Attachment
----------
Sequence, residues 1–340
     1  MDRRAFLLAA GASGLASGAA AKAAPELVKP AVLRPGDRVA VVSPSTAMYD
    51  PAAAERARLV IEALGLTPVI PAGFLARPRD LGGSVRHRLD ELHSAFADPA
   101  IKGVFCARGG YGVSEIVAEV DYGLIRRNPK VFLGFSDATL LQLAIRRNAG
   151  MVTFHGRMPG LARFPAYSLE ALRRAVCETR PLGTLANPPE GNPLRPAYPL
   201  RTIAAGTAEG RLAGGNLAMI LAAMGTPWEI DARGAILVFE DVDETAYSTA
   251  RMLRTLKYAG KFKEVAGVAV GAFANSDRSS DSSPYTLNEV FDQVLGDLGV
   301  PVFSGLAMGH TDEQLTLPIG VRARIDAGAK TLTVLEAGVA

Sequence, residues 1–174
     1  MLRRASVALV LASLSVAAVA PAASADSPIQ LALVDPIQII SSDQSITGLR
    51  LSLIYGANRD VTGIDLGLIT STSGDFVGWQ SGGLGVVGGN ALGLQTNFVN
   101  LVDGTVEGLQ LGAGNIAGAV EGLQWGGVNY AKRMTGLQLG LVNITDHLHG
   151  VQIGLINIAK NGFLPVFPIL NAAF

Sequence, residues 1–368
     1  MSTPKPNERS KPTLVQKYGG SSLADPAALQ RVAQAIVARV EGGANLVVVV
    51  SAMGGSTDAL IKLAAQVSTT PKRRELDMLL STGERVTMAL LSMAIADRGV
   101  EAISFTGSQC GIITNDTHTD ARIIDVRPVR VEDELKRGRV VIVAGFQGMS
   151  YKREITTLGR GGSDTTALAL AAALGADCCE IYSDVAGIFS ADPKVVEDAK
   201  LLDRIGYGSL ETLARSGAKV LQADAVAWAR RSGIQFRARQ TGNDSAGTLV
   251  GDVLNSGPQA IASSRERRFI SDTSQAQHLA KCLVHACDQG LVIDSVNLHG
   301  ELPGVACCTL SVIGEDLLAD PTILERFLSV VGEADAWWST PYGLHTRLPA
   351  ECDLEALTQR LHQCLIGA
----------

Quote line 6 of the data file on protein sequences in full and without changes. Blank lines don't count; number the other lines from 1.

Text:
   201  RTIAAGTAEG RLAGGNLAMI LAAMGTPWEI DARGAILVFE DVDETAYSTA